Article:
Recently, I shared the essential elements that I always include in my morning routine (read that post HERE), and one of those elements was using my calendar. This habit alone has completely revolutionized my time management and my organization. But sometimes it’s difficult to find a calendar that’s just right. And more often than not, it’s impossible to find the perfect calendar for a specific purpose. So what to do? Design a custom calendar, of course! Here’s how to create a custom calendar in Word!
If you’ve been around the blog before, you’re likely aware of my
obsession, ahem, my love of calendars. I’ve added hours to my day with a calendar! But I also use calendars for other organizing projects, too. I use them to organize my blog calendar, special projects, and product launches (coming soon, yay!). I create custom calendars for so many projects, and they help me to stay so much more organized. Now, let’s get to the tutorial on how to create a custom calendar in Word!
Buckle up, friends, this is going to be a loooong post. But I’m trying to take it little step by little step, so that you’ll be a pro by the end of the post!
How to Create a Custom Calendar in Word
We’ll start by creating the calendar, then have some fun with the decorative elements!
Creating the Calendar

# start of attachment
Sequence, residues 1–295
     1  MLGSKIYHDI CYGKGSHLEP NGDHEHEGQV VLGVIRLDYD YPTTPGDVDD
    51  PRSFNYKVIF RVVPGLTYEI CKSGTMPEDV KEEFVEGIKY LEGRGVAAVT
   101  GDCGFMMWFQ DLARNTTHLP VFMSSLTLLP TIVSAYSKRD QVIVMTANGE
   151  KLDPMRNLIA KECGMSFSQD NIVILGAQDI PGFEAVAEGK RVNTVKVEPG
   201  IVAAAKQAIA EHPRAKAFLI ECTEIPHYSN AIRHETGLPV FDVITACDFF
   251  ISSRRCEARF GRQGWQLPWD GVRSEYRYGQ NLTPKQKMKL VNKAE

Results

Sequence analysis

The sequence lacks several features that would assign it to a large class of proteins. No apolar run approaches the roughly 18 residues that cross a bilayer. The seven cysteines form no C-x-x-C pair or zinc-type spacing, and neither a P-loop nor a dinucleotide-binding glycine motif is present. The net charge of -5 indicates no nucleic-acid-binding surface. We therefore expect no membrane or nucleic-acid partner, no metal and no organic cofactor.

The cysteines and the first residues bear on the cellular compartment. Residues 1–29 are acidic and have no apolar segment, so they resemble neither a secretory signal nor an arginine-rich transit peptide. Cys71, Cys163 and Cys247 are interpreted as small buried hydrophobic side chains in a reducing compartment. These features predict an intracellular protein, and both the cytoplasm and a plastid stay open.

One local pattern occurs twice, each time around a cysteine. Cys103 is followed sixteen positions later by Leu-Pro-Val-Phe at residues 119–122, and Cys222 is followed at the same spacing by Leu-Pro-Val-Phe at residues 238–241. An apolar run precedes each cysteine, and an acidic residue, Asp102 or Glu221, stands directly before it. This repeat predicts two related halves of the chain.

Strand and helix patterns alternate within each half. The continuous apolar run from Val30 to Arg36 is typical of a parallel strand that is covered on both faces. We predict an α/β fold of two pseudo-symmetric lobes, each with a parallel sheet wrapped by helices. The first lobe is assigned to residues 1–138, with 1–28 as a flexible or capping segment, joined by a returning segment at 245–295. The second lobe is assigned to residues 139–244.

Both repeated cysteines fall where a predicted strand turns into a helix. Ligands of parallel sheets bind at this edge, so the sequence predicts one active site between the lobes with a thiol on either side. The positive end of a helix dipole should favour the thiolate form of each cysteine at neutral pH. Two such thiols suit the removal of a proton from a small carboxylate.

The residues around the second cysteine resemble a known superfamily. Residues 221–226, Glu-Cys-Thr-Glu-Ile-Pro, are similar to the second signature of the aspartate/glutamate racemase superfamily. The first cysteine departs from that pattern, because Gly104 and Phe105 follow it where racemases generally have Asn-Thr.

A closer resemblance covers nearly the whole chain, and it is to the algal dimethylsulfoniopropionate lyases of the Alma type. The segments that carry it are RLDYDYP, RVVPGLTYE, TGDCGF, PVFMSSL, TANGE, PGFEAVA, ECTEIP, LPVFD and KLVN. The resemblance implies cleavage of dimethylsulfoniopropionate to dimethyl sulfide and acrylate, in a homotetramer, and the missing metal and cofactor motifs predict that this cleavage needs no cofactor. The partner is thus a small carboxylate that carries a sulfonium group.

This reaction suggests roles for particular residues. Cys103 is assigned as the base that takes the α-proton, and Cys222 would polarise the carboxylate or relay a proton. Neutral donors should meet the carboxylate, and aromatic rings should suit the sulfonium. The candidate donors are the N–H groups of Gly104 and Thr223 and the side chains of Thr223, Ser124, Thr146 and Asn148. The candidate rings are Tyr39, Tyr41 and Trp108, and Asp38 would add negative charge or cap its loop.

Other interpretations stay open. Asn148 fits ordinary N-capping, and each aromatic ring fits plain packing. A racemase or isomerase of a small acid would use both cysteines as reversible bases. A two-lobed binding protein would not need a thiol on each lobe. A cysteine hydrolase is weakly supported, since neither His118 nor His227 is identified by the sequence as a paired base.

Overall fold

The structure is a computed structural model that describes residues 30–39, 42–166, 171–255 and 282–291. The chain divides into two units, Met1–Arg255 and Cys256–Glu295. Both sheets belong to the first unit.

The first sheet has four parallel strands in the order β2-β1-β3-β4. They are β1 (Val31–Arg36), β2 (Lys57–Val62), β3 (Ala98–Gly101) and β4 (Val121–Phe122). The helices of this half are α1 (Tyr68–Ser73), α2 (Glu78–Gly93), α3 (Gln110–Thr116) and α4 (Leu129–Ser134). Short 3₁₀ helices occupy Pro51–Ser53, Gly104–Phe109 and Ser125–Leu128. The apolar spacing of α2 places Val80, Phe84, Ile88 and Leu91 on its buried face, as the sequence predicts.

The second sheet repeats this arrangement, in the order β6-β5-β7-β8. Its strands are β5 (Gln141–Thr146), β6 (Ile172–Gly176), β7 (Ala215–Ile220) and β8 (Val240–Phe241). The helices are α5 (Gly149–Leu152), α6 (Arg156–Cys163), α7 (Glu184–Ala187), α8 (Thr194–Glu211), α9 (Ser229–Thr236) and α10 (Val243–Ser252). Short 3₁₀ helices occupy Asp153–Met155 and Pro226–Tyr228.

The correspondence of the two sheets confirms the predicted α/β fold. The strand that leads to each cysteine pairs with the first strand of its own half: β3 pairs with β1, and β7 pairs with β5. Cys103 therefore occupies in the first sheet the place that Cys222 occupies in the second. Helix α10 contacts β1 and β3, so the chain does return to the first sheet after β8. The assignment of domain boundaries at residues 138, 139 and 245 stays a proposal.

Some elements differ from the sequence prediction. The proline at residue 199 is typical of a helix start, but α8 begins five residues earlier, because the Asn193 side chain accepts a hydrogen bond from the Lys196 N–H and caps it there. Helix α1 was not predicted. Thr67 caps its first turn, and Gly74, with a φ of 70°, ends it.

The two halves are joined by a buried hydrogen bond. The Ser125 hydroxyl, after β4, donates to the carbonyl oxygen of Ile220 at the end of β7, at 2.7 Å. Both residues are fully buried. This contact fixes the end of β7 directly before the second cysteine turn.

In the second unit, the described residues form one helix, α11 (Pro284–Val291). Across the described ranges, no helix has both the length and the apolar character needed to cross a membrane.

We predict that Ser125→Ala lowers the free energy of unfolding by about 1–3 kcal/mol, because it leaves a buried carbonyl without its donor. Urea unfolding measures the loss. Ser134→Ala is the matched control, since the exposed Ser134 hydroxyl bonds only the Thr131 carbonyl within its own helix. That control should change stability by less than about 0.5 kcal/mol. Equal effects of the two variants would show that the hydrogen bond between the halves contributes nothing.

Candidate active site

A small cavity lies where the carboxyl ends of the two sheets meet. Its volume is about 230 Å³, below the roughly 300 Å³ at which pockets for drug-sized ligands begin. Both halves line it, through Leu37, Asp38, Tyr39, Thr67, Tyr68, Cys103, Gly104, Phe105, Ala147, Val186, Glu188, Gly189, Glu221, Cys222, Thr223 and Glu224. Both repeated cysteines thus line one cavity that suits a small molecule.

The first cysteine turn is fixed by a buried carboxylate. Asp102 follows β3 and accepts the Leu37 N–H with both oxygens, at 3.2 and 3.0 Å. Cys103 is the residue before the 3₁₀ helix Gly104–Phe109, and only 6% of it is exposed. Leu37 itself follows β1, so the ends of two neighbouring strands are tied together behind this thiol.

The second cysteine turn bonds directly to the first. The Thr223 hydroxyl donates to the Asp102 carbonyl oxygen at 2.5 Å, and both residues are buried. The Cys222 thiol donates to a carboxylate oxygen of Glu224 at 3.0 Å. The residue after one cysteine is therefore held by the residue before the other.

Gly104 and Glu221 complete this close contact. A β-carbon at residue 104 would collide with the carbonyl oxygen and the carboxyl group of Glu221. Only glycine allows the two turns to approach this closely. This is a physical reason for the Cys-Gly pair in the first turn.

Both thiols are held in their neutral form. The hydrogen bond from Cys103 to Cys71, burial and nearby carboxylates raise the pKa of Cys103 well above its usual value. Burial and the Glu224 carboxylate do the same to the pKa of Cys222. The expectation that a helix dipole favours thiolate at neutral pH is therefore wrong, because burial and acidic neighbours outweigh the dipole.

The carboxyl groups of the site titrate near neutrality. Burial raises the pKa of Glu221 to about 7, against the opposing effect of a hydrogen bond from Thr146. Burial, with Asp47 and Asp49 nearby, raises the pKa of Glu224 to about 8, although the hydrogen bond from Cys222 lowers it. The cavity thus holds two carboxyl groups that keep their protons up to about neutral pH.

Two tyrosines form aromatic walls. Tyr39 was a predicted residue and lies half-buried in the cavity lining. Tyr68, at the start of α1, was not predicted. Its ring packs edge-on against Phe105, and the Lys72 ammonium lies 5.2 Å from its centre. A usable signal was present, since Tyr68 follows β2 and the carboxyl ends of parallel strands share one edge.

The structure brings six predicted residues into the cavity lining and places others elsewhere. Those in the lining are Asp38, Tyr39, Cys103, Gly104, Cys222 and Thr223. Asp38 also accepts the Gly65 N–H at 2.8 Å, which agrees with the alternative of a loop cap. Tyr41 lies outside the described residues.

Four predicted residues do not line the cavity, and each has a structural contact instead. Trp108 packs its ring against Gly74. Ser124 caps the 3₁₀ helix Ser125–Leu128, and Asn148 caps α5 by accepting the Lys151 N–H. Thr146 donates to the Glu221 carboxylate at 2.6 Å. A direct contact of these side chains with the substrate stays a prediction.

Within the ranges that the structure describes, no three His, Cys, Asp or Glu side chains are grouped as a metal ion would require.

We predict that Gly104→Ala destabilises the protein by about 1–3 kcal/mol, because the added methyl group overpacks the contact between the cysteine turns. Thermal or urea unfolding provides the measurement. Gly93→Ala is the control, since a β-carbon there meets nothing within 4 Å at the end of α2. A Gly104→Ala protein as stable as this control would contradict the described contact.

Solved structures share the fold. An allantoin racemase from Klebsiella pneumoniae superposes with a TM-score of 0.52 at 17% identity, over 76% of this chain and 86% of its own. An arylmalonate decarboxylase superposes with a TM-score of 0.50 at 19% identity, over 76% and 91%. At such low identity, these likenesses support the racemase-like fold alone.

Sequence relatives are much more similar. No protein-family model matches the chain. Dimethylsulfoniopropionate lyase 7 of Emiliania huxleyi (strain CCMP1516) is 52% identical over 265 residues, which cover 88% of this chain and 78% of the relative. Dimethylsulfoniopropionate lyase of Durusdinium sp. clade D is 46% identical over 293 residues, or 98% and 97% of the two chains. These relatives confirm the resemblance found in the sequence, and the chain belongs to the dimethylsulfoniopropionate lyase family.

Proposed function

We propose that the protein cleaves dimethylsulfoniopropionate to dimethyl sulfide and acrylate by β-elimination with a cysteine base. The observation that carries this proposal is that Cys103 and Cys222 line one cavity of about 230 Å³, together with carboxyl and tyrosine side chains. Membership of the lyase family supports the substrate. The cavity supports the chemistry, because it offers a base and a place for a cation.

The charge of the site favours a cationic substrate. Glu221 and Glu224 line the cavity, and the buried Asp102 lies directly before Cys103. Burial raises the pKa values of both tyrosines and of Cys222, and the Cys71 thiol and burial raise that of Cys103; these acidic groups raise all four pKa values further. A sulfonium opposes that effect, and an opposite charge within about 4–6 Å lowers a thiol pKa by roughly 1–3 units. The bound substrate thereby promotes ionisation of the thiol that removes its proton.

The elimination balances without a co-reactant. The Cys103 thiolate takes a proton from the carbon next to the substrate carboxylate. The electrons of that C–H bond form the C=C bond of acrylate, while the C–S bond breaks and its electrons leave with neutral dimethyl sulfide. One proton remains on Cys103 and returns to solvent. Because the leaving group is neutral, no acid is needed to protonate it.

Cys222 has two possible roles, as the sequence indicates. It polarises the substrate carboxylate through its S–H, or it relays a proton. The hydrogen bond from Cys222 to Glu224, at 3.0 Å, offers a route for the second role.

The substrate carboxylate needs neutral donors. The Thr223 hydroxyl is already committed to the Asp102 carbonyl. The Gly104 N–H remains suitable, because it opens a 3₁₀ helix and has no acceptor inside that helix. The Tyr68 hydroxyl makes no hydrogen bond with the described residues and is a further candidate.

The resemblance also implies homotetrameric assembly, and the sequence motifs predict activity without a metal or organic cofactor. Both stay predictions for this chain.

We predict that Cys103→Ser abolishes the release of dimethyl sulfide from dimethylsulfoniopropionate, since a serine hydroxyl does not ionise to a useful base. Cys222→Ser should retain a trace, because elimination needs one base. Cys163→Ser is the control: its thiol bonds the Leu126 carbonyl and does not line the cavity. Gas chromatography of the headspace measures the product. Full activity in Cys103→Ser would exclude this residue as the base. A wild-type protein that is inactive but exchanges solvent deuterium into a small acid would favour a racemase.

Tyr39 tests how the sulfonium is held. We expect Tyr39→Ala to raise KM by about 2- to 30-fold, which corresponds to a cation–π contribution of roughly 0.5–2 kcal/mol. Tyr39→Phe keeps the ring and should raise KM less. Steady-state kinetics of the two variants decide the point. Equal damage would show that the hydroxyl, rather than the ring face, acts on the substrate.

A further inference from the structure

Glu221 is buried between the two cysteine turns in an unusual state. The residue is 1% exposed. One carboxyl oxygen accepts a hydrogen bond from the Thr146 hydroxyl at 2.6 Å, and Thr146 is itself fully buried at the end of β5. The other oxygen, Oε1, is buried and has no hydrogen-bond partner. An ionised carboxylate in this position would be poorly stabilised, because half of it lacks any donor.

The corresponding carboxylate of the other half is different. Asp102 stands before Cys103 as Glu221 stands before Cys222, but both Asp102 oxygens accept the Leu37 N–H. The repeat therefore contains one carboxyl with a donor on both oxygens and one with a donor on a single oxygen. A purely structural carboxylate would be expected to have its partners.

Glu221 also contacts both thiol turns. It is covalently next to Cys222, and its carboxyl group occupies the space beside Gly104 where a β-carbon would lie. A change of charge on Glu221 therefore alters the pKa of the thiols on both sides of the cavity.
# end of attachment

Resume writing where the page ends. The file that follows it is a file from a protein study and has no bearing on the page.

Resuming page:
Here are the steps for creating the actual calendar and calendar blocks.
Step 1: Formatting
First, open a new Microsoft Word file. I like to create my calendars in the Portrait Layout, but you can create them in Landscape, as well. For reference, the screenshots in this tutorial will be in Portrait Layout, but the steps are the same.
Click on Page Layout then Margins. Change your margins to Narrow.
**I like to use Narrow Margins, because it leaves me more room for my calendar and decorative touches. But you can choose whichever Margin option works best for you.
Use your Enter key to navigate ALL the way to the bottom of the page. This ensures that you’ll be able to move around the page without causing formatting problems.
**Once you’ve completed this step make sure you use your arrows or your mouse to move around the page NOT the Enter and Delete key.